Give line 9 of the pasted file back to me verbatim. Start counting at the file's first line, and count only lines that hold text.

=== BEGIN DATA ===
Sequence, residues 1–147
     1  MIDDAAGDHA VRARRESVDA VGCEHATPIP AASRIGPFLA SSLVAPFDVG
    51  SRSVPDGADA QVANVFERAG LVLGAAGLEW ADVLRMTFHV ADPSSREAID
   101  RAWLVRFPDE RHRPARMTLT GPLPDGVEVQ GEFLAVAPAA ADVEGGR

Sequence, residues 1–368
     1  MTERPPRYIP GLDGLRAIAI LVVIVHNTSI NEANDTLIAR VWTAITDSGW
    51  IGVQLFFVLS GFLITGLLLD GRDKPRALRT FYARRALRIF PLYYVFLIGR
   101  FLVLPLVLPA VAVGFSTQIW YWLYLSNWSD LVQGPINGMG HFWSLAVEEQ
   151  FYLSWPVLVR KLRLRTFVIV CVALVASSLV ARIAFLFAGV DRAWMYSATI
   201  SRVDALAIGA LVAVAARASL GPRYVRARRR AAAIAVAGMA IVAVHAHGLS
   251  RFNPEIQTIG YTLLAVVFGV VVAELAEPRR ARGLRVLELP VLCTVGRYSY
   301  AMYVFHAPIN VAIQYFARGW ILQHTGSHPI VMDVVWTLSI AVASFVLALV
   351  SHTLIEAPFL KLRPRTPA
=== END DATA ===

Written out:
   151  FYLSWPVLVR KLRLRTFVIV CVALVASSLV ARIAFLFAGV DRAWMYSATI